“All politics is local.”
So the legendary Boston ward heeler Tip O’Neill said, and in the main, he was right.
However, in recent years those big, pressing national issues have trickled down to infect local politics with America’s maddening “us or them” ideology, when to my way of thinking these grassroots races are about integrity and competence as they pertain to the stewardship of resources, public safety and quality of life issues.
What I’ve come here today to discuss might be viewed as political in nature, I suppose. But as a writer, one charged with knowing words and understanding concepts, it has more to do with political semantics than my flagging interest in the games our local movers and shakers insist on playing, whatever their party affiliation.
To wit: I’ve just now glanced at a sample ballot for the Floyd County election cycle on November 8.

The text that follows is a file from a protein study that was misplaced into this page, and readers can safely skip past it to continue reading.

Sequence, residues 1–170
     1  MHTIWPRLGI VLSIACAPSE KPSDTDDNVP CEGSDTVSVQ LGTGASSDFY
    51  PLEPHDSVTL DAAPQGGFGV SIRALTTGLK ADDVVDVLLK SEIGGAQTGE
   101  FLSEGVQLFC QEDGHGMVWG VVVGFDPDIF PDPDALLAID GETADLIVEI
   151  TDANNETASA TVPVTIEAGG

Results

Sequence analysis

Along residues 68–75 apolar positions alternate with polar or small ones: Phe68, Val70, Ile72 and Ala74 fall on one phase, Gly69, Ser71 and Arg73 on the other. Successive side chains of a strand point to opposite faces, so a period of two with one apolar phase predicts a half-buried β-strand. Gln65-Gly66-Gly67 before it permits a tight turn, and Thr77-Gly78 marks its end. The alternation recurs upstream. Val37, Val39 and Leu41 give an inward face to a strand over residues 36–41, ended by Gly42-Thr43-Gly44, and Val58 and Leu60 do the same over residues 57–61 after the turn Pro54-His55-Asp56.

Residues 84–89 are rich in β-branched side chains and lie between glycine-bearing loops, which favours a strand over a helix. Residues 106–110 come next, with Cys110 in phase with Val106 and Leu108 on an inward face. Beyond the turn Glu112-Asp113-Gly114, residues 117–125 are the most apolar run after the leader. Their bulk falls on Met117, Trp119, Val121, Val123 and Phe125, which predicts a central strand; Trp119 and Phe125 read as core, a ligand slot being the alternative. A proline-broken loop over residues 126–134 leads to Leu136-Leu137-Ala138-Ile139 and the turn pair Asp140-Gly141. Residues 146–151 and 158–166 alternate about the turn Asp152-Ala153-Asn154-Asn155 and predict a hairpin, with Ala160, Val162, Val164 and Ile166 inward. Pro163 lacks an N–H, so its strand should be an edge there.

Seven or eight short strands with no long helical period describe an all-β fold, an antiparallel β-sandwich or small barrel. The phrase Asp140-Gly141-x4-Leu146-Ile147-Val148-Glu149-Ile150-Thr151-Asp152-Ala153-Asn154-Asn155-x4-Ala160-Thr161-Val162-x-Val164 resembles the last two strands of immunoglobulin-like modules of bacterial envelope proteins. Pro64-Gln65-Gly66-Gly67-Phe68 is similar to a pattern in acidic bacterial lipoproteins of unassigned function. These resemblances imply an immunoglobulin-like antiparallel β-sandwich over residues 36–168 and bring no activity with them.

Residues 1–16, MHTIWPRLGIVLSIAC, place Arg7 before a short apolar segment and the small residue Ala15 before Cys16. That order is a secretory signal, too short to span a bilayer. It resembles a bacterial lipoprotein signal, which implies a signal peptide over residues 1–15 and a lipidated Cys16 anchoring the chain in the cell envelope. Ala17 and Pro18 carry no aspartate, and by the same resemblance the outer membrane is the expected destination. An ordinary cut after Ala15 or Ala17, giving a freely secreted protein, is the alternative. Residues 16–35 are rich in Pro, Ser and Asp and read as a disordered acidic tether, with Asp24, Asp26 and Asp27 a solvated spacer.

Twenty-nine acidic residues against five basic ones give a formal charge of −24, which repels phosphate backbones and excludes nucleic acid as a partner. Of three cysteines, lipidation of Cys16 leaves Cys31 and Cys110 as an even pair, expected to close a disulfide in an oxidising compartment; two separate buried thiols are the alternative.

The ballot is organized into the familiar categories of Democrat, Libertarian and Republican, save for our school board races, which are officially non-partisan for the purpose of campaigning and balloting.
Obviously in real life these school board candidates are D, R, L or ABP (Absolutely Bonkers Party), but the overarching point is that they’re the only ones not identified by party affiliation on the actual local ballot.
What this suggests to me is that in the absence of explicit legislative admonitions, all the other local races are intended to be partisan in nature, including the one for Floyd Circuit Court judge.
If not, then why is party affiliation indicated beside the candidates’ names on the ballot?
The judicial sinecure in question was occupied for many years by Terry Cody, who is retiring, and while I haven’t researched past elections altogether closely, or considered the possibility of informal agreements existing in olden times (baseball players called them the “unwritten rules”), I’ve never had a single doubt that Cody was a Democrat.
If for no other reason, I knew this because it said so right there on the ballot every time I voted.
As such, why is it that local Democrats are seized with paroxysms of bile in response to Republican judicial candidate Justin Brown’s not-exactly-shocking revelation that he’s a Republican?
He has identified himself as a Republican on his yard signs, and it’s also (duh) how he is listed on the ballot.